Hair loss, an issue many of us dread as we age, is often a complex and misunderstood topic. Yet, the term DHT is frequently tossed around in discussions about balding. In this blog, we’ll delve into what is DHT, and explain how it’s connected to hair loss. Let’s get started!
What is DHT Exactly?
DHT stands for Dihydrotestosterone. It’s a hormone derived from testosterone, the primary male sex hormone, though it’s also present in females in smaller amounts. The body produces DHT as a natural part of the aging process and through various metabolic functions.
DHT has many roles in the body, especially during our early years, contributing to developing male characteristics like deeper voice, muscle growth, and hair growth patterns. But, as with many things, it’s all about balance.
As we age, some people have hair follicles that become increasingly sensitive to DHT, which leads to DHT Hair loss, where the hair follicles start to shrink. Over time, as these follicles get smaller, the hair’s growth phase shortens while its resting phase lengthens. This causes hair to grow thinner, brittle and shorter until the follicle doesn’t produce any hair at all. This process is commonly referred to as hair miniaturization.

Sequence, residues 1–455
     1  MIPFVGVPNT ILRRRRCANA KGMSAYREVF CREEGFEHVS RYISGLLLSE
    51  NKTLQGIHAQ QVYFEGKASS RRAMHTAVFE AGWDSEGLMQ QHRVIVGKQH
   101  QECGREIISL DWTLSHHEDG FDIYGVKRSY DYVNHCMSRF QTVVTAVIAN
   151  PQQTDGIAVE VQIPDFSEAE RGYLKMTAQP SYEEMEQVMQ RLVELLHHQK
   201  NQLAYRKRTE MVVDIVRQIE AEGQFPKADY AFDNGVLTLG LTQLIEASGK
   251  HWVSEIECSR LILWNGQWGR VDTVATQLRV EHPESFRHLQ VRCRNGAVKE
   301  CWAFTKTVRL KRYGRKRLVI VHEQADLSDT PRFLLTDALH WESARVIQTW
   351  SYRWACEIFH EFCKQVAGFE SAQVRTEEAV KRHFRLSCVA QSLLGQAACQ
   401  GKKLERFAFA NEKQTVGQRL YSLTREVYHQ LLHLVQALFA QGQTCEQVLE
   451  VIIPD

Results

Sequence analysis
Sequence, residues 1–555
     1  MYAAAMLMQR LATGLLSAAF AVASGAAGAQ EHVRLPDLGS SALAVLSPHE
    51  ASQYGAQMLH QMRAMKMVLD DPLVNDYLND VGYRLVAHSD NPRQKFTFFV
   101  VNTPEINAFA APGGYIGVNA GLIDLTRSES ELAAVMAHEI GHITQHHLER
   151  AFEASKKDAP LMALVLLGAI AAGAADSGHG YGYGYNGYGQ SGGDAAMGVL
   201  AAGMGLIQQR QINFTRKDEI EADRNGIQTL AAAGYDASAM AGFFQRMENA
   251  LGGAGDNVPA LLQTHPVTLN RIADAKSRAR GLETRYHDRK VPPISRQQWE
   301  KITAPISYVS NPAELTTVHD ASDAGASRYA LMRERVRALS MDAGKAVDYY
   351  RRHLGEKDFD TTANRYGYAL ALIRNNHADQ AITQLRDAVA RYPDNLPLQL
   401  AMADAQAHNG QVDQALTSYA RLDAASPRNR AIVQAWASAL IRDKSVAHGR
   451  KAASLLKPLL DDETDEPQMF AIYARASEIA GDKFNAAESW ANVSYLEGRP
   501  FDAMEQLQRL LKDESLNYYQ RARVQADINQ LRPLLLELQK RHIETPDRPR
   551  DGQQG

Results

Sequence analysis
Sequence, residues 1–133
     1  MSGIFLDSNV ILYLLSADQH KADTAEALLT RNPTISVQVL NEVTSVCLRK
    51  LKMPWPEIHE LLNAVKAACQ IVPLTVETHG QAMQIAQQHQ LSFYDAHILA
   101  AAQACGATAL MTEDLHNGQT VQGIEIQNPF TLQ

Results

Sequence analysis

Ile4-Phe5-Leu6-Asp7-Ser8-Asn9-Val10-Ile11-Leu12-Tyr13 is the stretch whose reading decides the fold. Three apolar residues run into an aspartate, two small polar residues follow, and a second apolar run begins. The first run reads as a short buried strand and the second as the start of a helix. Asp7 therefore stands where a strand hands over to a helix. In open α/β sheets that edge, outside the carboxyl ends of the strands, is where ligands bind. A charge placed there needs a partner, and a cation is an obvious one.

The pattern in which DHT affects hair follicles gives rise to the term “pattern baldness.” For men, this often manifests as a receding hairline and balding on the top of the head (androgenic alopecia or male pattern baldness). Women can also experience DHT-induced hair loss, typically resulting in a general thinning across the scalp rather than a distinct pattern.
How DHT Causes Hair Loss?
So, why are some people more sensitive to DHT than others? It boils down mainly to genetics. If your family has a history of pattern baldness, there’s a good chance DHT sensitivity is in your genes. This doesn’t mean you’re destined for baldness, but it does increase your susceptibility.
External factors, like stress and poor diet, can potentially exacerbate hair loss. However, DHT remains the primary culprit for those genetically predisposed. DHT binds to hair follicles and causes them to shrink which may eventually lead to hair loss.
Understanding the role of DHT and DHT hair loss can be empowering in the hair growth journey. While it’s natural to produce DHT, its impact on hair follicles varies among individuals. Thankfully, with today’s advancements, various treatments and products aim to reduce the effects of DHT on the scalp, offering hope for those looking to maintain a fuller head of hair. If you’re concerned about hair loss, consult a dermatologist or specialist. They can provide insights and recommendations tailored to your specific situation.